Worldwide, tomatoes are an important part of a diverse and balanced diet as a rich source of vitamins, minerals, phenolic antioxidants and anti-oxidant lycopene having anti-cancer properties [5, 6]. A major constraint in tomato production is the loss incurred due to several diseases. Tomato is known to be susceptible to over 200 diseases caused by pathogenic fungi, bacteria, viruses and nematodes [7]. To accelerate conventional plant breeding, Marker Assisted Selection (MAS) with more than 80 resistance genes to major classes of pathogens (fungal, bacterial, virus and nematode) have been used extensively for pyramiding resistance genes [8, 9]. The other essential characteristics for tomato improvement are development of cultivars with broad adaptability, earliness and fruit quality. Over 75,000 accessions of the cultivated and wild species of tomato are maintained in Genebank around the world [10] but relative and absolute differentiation of these accessions need microsatellite (STR) markers. Thus, these bulk whole genome based STR markers are needed for mapping, variety identification and product traceability.

Earlier in silico works for STR mining were not based on whole genome and thus invariably yielded low/very less number of markers, for example just 80 STR were found in entire gene bank search over 2000 sequences. Though the markers were minimum but are highly potential in distinguishing closely related cultivars of tomato [11]. Reported marker density based on in vivo method is relatively less on every chromosome, for example 12th chromosome has just 37 [12]. For plant variety identification along with degree of admixture, STR is always preferred if they are in multiplex mode (for example, Basmati and non-Basmati rice can be differentiated by 8 plex/ single cocktail based PCR) [13]. Such multiplex designing needs much more number of markers to design multiplex with thermodynamic compatibility, which can be accomplished from our large marker dataset. SGN database is having various classes of markers including STR which are chromosome wise and distance wise based on LOD (Logarithm of the Odds) score [14]. Uniformly distributed markers over genome with an average spacing of 10.0 cM [15] and 1.2 cM (ca. 900 KB) [16] are reported but further higher marker density with average spacing of less than 10 KB has not been reported so far.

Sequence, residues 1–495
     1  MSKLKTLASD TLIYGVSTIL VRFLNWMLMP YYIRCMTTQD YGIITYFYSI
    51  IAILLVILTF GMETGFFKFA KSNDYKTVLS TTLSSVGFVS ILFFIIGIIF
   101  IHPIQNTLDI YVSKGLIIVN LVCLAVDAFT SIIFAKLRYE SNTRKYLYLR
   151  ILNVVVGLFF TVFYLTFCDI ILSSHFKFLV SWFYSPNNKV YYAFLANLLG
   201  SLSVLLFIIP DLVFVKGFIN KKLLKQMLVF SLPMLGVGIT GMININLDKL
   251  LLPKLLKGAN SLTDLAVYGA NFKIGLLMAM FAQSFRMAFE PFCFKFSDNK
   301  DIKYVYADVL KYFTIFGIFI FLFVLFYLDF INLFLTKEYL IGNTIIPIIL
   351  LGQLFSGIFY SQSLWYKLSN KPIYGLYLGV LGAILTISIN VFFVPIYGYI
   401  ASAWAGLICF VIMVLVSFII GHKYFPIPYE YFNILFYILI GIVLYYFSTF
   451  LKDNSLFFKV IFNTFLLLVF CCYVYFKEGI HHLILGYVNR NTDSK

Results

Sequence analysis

Our present work aims at development of such first microsatellite marker database based on whole genome based STR mining which is very user-friendly and freely accessible. Also, the feature of user defined primer designing has great advantage in terms of precise selection from each chromosome, from defined location, size of amplicons for ease of rapid genotyping in simple and low cost agarose gel.

Construction and content

Database processing pipeline

The chromosome wise tomato whole genome data available in public domain [17] was downloaded in FASTA format. All the 12 available chromosomes of the genome were chopped into manageable range using PERL script to be put into MIcroSAtellite identification (MISA) tool [18]. The information on STR numbers, motifs, repeat number, length and size of the repeat, repeat type, GC content, start and end position of the repeat and STR sequence were compiled. Around 1.4 million STRs were generated from tomato genome. Scripts in PERL were written to arrange the output of MISA in proper format in order to create the data file to be further imported to MYSQL database.

Option to find STRs from tomato genome specifically based on chromosome location, type of motif, repeat motif and repeat kind are available. The advance option for search is also available for STRs in desired range of GC content, number of base pairs and copy number. Further, selected STRs can be used in wet lab by generating primers with the integrated Primer3 standalone tool [19]. This obviates the need of manual primer designing using tool/ server.

Database architecture